Dakota Access Pipeline (DAPL) Facts

Dakota Access, LLC, a subsidiary of Energy Transfer Crude Oil Company, LLC, is developing a new pipeline to transport crude oil from the Bakken/Three Forks play in North Dakota to a terminus in Illinois with additional potential points of destination along the pipeline route.

If you search on Google, chances are you'll be on a website that makes it seem like it's a great idea. But — thing is — the DAPL is a terrible idea. The reason why Google says otherwise is that the millionaire Texans who run Dakota Access, LLC produce a ton of expensive websites aimed to misinform the everyday people they're taking advantage of.

Here are the facts presented alongside some of the lies Dakota Access has been telling online about the safety of the DAPL and their legal standing with the Standing Rocking Sioux Tribe:

Dakota Access, LLC Sued Hundreds & Took Their Land

What Energy Transfer, LLC claims:

“The Dakota Access Pipeline traverses a path on private property and does not cross the Standing Rock Sioux Tribe’s reservation. 100% of landowners in North Dakota voluntarily signed easements to allow for construction of the pipeline on their property.”

The Truth: Dakota Access DAPL Sued Hundreds of Individuals & Businesses to get what they wanted:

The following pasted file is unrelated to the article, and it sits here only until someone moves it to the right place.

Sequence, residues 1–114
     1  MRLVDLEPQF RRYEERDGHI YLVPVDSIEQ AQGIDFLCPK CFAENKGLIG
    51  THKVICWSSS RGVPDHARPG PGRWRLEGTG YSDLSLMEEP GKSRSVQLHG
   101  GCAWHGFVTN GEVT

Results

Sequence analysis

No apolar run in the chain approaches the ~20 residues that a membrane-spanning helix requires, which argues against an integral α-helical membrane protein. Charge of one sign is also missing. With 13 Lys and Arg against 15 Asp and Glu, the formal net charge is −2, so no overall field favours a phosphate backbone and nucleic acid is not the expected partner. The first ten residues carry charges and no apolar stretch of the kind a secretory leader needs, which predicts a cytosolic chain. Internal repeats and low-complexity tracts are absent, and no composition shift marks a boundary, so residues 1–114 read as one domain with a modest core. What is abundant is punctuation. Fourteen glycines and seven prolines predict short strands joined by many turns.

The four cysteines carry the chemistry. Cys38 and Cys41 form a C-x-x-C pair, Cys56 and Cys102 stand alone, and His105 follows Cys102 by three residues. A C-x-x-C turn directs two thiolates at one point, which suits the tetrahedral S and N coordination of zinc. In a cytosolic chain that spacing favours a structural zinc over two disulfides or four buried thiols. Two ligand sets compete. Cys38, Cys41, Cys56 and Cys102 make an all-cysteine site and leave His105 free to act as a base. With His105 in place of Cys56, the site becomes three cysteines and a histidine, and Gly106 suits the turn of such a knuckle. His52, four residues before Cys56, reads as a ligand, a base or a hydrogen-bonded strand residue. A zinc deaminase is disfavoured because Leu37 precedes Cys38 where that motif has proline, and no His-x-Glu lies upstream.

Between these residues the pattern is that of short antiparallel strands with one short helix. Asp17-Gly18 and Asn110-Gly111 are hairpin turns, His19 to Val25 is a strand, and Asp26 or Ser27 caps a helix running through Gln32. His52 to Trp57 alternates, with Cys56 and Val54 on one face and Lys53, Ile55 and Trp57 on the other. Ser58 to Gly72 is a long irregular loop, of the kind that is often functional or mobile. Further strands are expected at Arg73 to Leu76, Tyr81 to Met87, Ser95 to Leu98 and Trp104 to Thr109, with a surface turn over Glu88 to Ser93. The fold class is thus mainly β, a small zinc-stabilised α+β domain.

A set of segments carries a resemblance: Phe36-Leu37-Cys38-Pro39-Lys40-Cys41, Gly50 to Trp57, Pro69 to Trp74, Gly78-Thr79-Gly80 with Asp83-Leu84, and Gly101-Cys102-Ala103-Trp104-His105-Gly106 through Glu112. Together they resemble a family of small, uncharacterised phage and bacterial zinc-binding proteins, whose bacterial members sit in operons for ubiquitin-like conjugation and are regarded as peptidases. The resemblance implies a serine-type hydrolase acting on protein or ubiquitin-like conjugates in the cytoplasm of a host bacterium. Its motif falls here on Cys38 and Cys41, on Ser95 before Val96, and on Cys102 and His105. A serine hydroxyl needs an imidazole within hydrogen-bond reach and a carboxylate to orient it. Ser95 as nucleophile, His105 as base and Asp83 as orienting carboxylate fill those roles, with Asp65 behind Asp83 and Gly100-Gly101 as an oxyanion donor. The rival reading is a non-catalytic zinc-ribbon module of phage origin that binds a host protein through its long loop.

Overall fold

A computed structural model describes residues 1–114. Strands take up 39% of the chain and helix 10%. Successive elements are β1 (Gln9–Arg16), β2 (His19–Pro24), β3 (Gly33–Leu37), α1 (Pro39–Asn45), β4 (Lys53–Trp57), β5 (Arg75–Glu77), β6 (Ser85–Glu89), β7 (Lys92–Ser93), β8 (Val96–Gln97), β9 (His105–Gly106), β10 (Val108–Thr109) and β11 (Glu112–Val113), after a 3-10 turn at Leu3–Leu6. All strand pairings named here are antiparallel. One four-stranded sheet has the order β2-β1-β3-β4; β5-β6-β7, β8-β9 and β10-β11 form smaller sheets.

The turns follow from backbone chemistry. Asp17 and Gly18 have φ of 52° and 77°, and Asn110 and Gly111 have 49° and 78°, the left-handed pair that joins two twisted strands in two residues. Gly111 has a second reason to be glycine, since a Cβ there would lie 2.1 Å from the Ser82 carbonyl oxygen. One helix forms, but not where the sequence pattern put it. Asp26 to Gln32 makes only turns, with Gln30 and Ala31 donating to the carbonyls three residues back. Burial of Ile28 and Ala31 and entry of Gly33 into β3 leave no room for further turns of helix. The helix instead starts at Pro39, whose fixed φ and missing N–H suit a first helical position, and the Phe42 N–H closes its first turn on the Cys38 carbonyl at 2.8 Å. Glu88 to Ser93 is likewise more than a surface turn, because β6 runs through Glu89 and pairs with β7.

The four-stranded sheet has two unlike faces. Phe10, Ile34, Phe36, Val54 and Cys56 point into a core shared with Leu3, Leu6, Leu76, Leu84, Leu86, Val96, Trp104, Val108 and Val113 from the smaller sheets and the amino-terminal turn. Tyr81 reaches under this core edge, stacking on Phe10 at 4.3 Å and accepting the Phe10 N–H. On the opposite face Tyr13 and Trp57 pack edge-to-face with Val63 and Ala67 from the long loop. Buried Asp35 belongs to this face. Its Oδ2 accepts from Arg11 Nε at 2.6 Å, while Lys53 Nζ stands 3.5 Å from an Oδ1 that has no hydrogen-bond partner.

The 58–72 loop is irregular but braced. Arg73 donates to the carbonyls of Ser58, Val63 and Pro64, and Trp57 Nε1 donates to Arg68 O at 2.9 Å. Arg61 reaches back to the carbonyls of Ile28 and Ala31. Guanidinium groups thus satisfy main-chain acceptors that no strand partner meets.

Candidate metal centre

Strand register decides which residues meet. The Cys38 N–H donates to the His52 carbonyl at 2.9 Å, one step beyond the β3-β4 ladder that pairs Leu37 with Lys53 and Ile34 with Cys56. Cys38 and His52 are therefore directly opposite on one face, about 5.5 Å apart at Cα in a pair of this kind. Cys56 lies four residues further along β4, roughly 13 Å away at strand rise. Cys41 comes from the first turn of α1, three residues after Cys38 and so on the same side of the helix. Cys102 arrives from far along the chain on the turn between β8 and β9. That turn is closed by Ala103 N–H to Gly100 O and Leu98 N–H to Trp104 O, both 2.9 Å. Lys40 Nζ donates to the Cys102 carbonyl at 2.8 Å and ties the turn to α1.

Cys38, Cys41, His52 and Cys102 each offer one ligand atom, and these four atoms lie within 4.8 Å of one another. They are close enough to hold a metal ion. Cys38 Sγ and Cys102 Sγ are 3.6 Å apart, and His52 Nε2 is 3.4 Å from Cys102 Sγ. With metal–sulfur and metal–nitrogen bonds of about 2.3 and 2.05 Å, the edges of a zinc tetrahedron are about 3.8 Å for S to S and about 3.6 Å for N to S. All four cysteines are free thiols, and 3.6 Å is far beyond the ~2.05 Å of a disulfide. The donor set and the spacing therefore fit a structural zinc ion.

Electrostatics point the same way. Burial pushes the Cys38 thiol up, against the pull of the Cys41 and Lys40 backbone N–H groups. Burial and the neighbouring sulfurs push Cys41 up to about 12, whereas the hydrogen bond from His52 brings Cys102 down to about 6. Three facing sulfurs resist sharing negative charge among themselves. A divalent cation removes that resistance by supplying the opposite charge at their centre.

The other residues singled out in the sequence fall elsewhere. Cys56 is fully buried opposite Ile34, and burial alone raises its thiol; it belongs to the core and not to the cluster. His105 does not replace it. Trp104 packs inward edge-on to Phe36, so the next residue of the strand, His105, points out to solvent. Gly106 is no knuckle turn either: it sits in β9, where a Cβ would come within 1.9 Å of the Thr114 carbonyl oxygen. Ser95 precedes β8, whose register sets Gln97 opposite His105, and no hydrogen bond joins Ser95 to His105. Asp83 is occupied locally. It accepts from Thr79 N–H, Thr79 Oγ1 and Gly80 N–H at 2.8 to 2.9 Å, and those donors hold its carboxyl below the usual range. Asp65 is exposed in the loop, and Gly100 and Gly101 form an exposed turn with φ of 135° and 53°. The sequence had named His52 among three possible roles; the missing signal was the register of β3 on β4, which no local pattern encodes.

“Dakota Access LLC pipeline has filed 23 condemnation suits against 140 individuals, banks and a coal mine to gain easements through North Dakota. Most of the suits were filed in December against landowners in Williams, Mountrail, McKenzie, Dunn, Mercer and Morton Counties, mostly counties where people are feeling pipeline fatigue from numerous oil and gas pipeline projects.”"Dakota Access Pipeline Condmenation Lawsuits", Bismarck Tribune, January 1, 2016

The Dakota Access Pipeline's Federal Permit Is Not Final

What Energy Transfer, LLC claims:

“Nearly the entire route of the 1,172-mile pipeline has been sited and approved by relevant state and federal agencies.”

The Truth: The Army doesn't think so.

"The Army will not authorize constructing the Dakota Access Pipeline on Corps land bordering or under Lake Oahe until it can determine whether it will need to reconsider any of its previous decisions regarding the Lake Oahe site.” Army Joint Statement,

The Legal Status Of The Dakota Access Pipeline

What Energy Transfer, LLC claims:

“To the extent possible, the Dakota Access Pipeline was routed to parallel existing infrastructure, such as the Northern Border Pipeline, to avoid environmentally-sensitive areas and areas of potential cultural significance.”

The Truth: The DAPL cuts right through culturally protected areas.

The existing easement is for the Northern Border Pipeline, a smaller natural gas line, with a smaller construction footprint. The easement has never been surveyed for traditional cultural properties of the Standing Rock Sioux Tribe. The Tribe was not afforded the right to survey the corridor for Northern Border and other prior projects, because they were built before the legal rights to consultation on traditional cultural properties were issued in 2000. These rights exist today, but were not properly applied with DAPL. The Tribe’s aboriginal land extends from Wyoming to Iowa, and they have historical camps and ceremonial sites throughout the pipeline route.